• IBM Business Consulting Services Figure 11. Evolving TV content release windows. Domestic first run (2-3 primetime showings) International first run (multiple showings) Series syndication DVD sell-through – physical domestic* DVD sell-through – physical international* DVD rental – physical* On Demand PPV à la carte episodes** Evolving Free on demand*** Subscription on demand**** Preview 0 3 6 9 12 15 18 24 30 36+ Months Emerging windows Traditional windows Compressing release schedules Notes: *DVDs assumed to contain one (or more) season of TV content. **PPV on STB, iPod, media center, disc, etc. ***Primetime available after first airing free of charge. ****Subscription pay TV “on-demand” after first airing. Sources: IBM Institute for Business Value analysis. lifecycles. Includes “season passes,” à la carte costs and partner revenue-sharing, as well as lost 42 purchases and “long-tail,” niche acquisitions. Strategy revenues from traditional sources, like advertising. Further, capitalizes on user willingness to fund content directly; strategists must face the ultimate question for the bottom opens another revenue source. line: “What pricing strategy forestalls the next illegal P2P • Free user content on demand: Best suited for content forum, and keeps consumers in the fold?” that is untethered to long commercial lifecycles. To fully leverage the complex demands from consumers, Includes perishable content (nightly news, weekly savvy providers need to commit to the ongoing innovation commentary, and late-night comedy), back-catalog, of business models, release windows and pricing strategy. non-branded niche content or that funded by public Doing nothing is almost certainly the costliest option of all. license. Strategy extends loyalty, viewership and/or advertising reach. 3. Experiment: Develop, trial, refine, roll-out. Repeat. Innovation only comes to life through experimentation and At the same time, executives are charged with studying trial. In this age of complexity and uncertainty, ongoing and reassessing pricing strategies. To optimize income, experiments need to test uncharted territory. To win in the providers need to weigh the price consumers will bear future, companies should: (with each package and offering, new and old) against all • Conduct market trials now to gauge consumer behavior associated delivery and opportunity costs. For example, “in action” cost analysis for new digital downloads and on demand models will have to include physical transport, licensing • Constantly refine products • Invest in underlining new metrics for new models. 16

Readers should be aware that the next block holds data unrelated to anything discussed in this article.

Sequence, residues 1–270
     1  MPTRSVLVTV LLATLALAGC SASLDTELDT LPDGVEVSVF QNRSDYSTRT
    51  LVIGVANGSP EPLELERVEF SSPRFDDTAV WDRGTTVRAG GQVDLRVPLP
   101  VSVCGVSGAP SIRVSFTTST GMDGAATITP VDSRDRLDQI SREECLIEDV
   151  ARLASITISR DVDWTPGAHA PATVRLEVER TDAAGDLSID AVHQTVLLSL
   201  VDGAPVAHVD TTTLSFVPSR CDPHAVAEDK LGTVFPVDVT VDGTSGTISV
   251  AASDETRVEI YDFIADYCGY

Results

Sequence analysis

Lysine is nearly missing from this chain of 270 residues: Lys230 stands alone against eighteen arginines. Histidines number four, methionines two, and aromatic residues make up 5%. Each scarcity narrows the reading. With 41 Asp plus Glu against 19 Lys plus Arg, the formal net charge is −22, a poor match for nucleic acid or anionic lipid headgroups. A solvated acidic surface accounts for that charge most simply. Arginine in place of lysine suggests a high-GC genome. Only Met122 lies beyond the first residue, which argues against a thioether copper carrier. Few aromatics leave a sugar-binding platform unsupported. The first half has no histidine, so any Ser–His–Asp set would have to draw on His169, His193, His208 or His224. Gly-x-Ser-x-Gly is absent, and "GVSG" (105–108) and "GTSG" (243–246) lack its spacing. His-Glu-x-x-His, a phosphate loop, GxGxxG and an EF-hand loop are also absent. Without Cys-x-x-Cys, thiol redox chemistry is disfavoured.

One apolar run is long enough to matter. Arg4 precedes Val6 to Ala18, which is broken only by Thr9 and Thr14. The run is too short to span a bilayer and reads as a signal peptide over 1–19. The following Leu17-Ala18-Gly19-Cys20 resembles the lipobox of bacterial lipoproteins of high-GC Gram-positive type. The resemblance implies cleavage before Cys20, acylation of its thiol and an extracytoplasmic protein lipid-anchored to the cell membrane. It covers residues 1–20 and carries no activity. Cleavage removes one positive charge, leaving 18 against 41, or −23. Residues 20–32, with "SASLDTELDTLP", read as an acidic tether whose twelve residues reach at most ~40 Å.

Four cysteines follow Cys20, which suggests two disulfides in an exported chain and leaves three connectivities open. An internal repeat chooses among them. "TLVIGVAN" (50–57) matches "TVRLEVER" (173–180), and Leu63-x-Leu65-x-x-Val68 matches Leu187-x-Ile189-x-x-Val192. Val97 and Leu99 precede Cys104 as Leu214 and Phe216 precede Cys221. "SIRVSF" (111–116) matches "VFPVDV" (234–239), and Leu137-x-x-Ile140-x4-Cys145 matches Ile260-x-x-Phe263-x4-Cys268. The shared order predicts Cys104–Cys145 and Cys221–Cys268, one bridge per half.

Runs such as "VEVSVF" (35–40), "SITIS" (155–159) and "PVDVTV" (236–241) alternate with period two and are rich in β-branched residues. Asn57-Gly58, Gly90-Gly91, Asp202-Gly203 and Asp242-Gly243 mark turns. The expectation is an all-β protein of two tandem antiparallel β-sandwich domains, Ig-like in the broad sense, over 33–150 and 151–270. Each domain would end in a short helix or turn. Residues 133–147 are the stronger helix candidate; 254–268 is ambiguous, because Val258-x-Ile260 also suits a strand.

• The end of television as we know it At industry pivot points, user feedback arguably has its ratings, have not been based on realtime, individualized greatest impact. As such, companies must repeatedly test data. Instead, sampling methods were used to generalize consumers on service options, product attributes, brand consumer behavior. perception, pricing schemes and user-friendliness, to name only a few. In order to deliver segmented and tailored media experiences, it is imperative to capture more granular For illustration, consider next generation advertising measurements and metrics. From individualized audience- 43 models. With advertisers funding half the industry and tracking to click-stream analysis in the living room, the DVR threatening revenue stability, it is paramount to companies will need new tracking systems to support surface and test models which augment (or replace) more on demand and pseudo-individualized products, the 30-second spot. To invest most astutely in tomorrow, services and models. companies will need to be guided by demonstrated user acceptance, attention, retention, click-throughs and As the industry transitions from a broadcast environment buy-rates associated with each new possible advertising to its next manifestation, companies must be dedicated model. In this case, options will range from short- or not only to ongoing trials and experiments, but also to a long-form advertising, interactive merchandising or time- culture and mantra of experimentation. sensitive overlays for archived on demand (see Figure 12). 4. Mobilize: Create seamless content mobility. While advertising is the highlighted example, emerging Companies have to strive to take content mobile for content models and delivery channels all need to pass tech-forward users like Gadgetiers who want their through similar rigorous trials and experimentation. And, entertainment and content “on the go.” These users have experimentation cannot be a static exercise…it is a steep requirements for portability of their devices, media continual process with ongoing results, which contribute and experiences, and keeping apace of user demand will to the dynamic refinement and distillation of the right end- require companies to: user product. • Deliver easy synchronization among devices To bolster new business models (advertising and far • Provide consumer-friendly services without required beyond), companies must invest in new metrics to monitor user modification. progress and success. Traditional metrics, like audience Figure 12. The spectrum of possible future advertising models. Product Short- and Customized Broadcast placement and Operator Localized ads/ long-form Interactive Value added Time sensitive video on ads driven ads targeted ads merchandise content ad inserts Potential revenue models sponsorship content demand • Traditional • Fee-based • Premium • Premium • Premium • Video on • Revenue- • Premium • Premium cost per model CPM CPM CPM demand sharing on CPM CPM thousand (VOD) CPM merchandise • Revenue- • CPC • CPC • CPC • CPC (CPM) sharing • CPC • CPC • Cost per click-through (CPC) Low Implementation complexity High Source: IBM Institute for Business Value analysis. 17